This post is based on the 5 Best and Rich Plant Based Food Sources of Vitamin D that Vegetarians can easily include their diet and quickly increase the levels of Vitamin D.
Vitamin D is one of the most essential nutrients for maintaining the proper health of the body. It is also known as the vitamin obtained from sunshine and a fat-soluble nutrient essential for optimal body health.
Vitamin D helps the body to absorb calcium from food and maintain an adequate amount of magnesium and phosphate concentrations. These three are the crucial nutrients for teeth, bones, and muscles proper health. Moreover, vitamin D also plays a crucial role in developing brain functions, heart functions, immune system, and mental health of the body. Thus, it is a very vital nutrient for overall body health.
Various researches have been conducted and show that these days people are suffering from low vitamin D levels in the body, and this has become widespread worldwide causes of chronic diseases. Symptoms of vitamin D deficiency include signs like an increase in fatigue, muscle pains, degrading bones health, and stunted growth in children.
To maintain appropriate levels of vitamin D, the daily requirement of vitamin D for children under 12 months is about 10 mcg, while children between 1–13 years old is 15 mcg. For adults and pregnant lady or nursing women, they should get about 15mcg to 20 mcg of vitamin D per day, so that they can keep care of themselves as the baby inside their womb.
However, there are very few foods that contain vitamin D, but some of the food contains a good amount of it. These food products are mostly obtained from animal products. Thus, you have interesting and tasty options to increase the levels of vitamin D naturally in your body.
Here are five best plant-based food sources of vitamin D from food that vegetarians can easily include in their diet as well as some of them are suitable for vegans diet followers.
When skin exposed to Sun, it has characteristics of producing vitamin D from the sun’s ultraviolet B rays. This is the most common way that most of the people get the daily value of vitamin D.
As per the reports from National Institute of Health, exposing arms, face, back, and legs to direct sunlight for about 5–30 minutes twice or thrice in a week — without applying sunscreen — can do wonders and give you the sufficient rays to generate the optimal amount of vitamin D.
One thing to take care of, do not excessively expose to the sun; it might increase the risk of getting skin cancer. Hence, the American Academy of Dermatology suggested that they do not entirely rely on sun rays as the main source of vitamin D.
Mushrooms have the special ability to quickly increase and produce vitamin D levels when get exposed to Sun’s UV rays. This makes mushrooms the only edible food and plant-based source of vitamin D.
For example, wild mushrooms, when exposed to sunrays, may boast anywhere around 3.8 mcg to 28 mcg of vitamin D per 100 grams of serving.
One of the best things about Mushrooms is that their vitamin D content remains in the body for more duration. Mushrooms have a high shelf life and appear as a useful natural source of raising vitamin D levels in the body.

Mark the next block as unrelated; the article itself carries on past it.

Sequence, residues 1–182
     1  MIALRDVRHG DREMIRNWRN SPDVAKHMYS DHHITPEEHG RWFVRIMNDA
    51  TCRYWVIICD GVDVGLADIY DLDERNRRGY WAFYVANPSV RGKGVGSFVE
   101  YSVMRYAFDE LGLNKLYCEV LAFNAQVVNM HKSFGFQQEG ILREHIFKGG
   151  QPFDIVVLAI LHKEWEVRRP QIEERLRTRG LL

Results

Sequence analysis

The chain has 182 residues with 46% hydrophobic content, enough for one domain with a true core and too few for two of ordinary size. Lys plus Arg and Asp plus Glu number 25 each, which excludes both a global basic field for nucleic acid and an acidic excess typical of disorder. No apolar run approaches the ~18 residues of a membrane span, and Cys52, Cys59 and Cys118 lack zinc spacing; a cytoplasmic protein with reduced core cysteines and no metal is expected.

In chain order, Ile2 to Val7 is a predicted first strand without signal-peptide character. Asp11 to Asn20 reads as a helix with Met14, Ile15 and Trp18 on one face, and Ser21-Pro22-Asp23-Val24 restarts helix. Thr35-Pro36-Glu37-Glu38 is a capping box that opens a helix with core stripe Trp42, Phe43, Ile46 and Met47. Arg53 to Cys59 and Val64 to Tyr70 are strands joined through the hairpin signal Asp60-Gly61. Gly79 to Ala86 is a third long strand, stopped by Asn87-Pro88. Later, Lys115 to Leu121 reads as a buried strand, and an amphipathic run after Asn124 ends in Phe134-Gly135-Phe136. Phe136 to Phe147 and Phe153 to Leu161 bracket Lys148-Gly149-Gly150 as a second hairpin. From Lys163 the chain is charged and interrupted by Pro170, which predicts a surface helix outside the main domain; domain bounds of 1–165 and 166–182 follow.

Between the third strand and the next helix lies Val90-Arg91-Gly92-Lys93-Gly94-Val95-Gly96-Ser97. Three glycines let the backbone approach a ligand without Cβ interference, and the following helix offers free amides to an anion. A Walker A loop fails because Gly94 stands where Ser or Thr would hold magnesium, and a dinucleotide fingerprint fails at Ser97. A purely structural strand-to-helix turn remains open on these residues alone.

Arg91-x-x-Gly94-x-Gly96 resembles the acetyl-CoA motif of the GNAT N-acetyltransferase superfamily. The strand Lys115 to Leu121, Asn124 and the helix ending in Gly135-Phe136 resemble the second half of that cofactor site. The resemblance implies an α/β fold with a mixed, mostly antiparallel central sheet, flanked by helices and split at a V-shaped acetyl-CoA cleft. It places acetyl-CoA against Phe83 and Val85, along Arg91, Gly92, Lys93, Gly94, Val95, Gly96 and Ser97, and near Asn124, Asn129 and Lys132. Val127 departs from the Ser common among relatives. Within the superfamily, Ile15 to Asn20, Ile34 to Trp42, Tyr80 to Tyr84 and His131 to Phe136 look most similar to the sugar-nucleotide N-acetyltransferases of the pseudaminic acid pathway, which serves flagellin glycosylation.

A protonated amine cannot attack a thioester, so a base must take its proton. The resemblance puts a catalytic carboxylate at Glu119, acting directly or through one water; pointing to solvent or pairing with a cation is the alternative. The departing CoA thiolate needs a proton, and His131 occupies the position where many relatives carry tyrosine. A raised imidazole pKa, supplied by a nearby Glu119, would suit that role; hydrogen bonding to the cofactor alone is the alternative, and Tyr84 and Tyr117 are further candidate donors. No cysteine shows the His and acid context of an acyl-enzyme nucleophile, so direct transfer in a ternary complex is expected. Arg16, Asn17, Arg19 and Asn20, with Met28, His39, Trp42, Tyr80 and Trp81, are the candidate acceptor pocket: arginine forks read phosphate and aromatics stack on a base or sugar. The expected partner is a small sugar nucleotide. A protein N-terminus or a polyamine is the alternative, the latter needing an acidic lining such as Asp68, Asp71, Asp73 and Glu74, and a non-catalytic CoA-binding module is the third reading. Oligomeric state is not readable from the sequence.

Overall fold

One tip – when shopping for mushrooms, first look at the label mentioning vitamin D content. If you get trouble finding whether the mushrooms exposed UV rays or not, try your luck at the local food store or farmers market.
- Cow Milk:Depending on the geographical regions, one can expect 1 cup or 250ml of cow milk that contains 3 mcg of vitamin D.
- Plant-Based Milk and Beverages:Milk from almonds, soy, rice, oats, or juice from orange — can be fortified to give similar amounts of vitamin D as like from cow milk. One cup or 250 ml of plant-based milk and juice may give up to 2.5 mcg of vitamin D.
- Yogurt or Curd: There are dairy or Non-dairy yogurts or curds that are fortified in vitamin D, serve about 1.3 mcg of vitamin D in every 100 grams.
- Tofu or Paneer: Not all the tofu or paneer are fortified, but those are fortified can give around 2.5 mcg of vitamin D per 100 grams of serving.
- Hot & Cold Cereals. Ready to eat cereals or oatmeal is often fortified with this vitamin. Half cup or 120 grams these cereals can provide up to 3 mcg of Vit D, as per the quality and variety of the product.
One other natural sources of vitamin D is from Cheese D, albeit in small amounts.
Most of the cheese can contain about 0.2 to 0.6 mcg of vitamin D, per 50 grams or 2 oz. of serving. The level of vitamin content basically depends on the way of cheese is manufactured.
Cheese with higher vitamin D content is Cheddar, Fontina, and Monterey, whereas mozzarella has a bit less. Soft cheese like cottage, cream cheese, or ricotta, have zero amount of vitamin Din it.
Some kinds of cheese can also offer fortified with vitamin D, which will be mentioned on the label list.
If you concerned that you are not getting plenty of vitamin D from food, then supplements can act as a consistent, reliable, and a good source of vitamin D. These supplements come in two forms:
- Vitamin D2: It is mostly harvested from the mushrooms or yeast exposed to Sun’s UV light.
- Vitamin D3: It is obtained from fish oil or wool from sheep. Recently there is a vegan form developed from lichen.
We hope these natural sources of Vitamin D help you increase or boost the levels of this vitamin quickly and make your body strong without depending on any medicines. These Vitamin D foods can easily be consume by vegan or vegetarians diet followers.